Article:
Work on SDI was discontinued after the end of the Cold War and the breakup of the Soviet Union, although research into ground-based interceptors continued. Under the Reagan administration, actual expenditures on SDI amounted to approximately $30 billion. During the administration of President Bill Clinton, missile defense received continued funding under what some dubbed the Son of Star Wars program, or National Missile Defense (NMD).

With the apparent demise of the ABM treaty, the administration of President George W. Bush is funding the development of the less-costly NMD system. Such a system, if successful, would be deployed at several locations throughout the United States and, potentially, in allied countries. As of 2004, a defense system that employs early warning radar and consists of 10 missiles to intercept nuclear ballistic missiles had been deployed in Alaska. Additionally, another 10 missiles will be deployed in California, and by the end of 2005, 10 more will be placed in Alaska.

The goal of the NMD system is what is known as layered defense, which would provide multiple opportunities to shoot down an enemy missile along its entire flight path. Ballistic missiles can be attacked in any of four phases—the boost phase, postboost phase, midcourse phase, and terminal phase. During the boost phases, missiles are at their most vulnerable. However, attacking a missile at the boost phase poses daunting challenges. First and foremost, the threat must be detected within moments.

Another antiballistic missile technology under development is the airborne laser, which is currently conceived of as a fleet of 747s outfitted with chemical lasers that would be deployed in 2008 or 2009. Adding another layer to the defense will be the Kinetic Energy Interceptor program. This initiative is aimed at deploying a boost-phase intercept capability by the year 2008. The concept of using unmanned aerial vehicles (UAVs) to counter ballistic missiles during their boost phase is also being considered.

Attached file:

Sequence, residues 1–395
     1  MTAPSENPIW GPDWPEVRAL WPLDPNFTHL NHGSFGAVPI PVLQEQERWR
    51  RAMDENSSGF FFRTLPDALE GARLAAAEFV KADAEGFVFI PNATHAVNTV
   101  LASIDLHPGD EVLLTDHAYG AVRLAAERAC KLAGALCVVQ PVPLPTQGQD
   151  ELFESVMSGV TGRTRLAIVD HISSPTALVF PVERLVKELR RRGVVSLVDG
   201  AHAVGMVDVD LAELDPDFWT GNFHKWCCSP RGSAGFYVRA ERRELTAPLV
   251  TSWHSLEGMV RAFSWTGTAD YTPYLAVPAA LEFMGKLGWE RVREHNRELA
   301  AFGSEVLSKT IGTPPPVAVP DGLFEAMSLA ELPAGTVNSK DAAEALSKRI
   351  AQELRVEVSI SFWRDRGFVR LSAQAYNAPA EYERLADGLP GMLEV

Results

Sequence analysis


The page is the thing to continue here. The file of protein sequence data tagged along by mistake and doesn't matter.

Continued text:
Unlike the huge numbers of missiles that SDI would have had to field, the primary mission of National Missile Defense is the defense of the United States against a limited strategic threat, such as that posed by a rogue nation or terrorist organization. Critics maintain that the cost (currently at more than $8 billion per year) is too high and that the risk of missile attack is too low to justify NMD’s continued development.

A recent report by a team of economists found that the cumulative cost of a missile defense system—including boost-phase, midcourse, and terminal defenses as called for by the Bush administration—could be between $800 billion and $1.2 trillion. According to the Center for Defense Information, over $100 billion has been spent on SDI and NMD since President Reagan first advanced the program.

As with SDI, critics argue that simple countermeasures could be designed to thwart the NMD system. While Russia has agreed to allow the development of NMD, some experts suggest that the system might compel China to increase its nuclear arsenal, which in turn could cause India and Pakistan to increase theirs as well.

    See also
  • Ballistic Missiles; National Missile Defense; Reagan, Ronald, and National Policy; Space-Based Weapons

Further Reading
  • McMahon, K. Scott. Pursuit of the Shield. Lanham, MD: Rowman & Littlefield Publishers, 1987.
  • Copyright © 2006 by Sage Publications, Inc.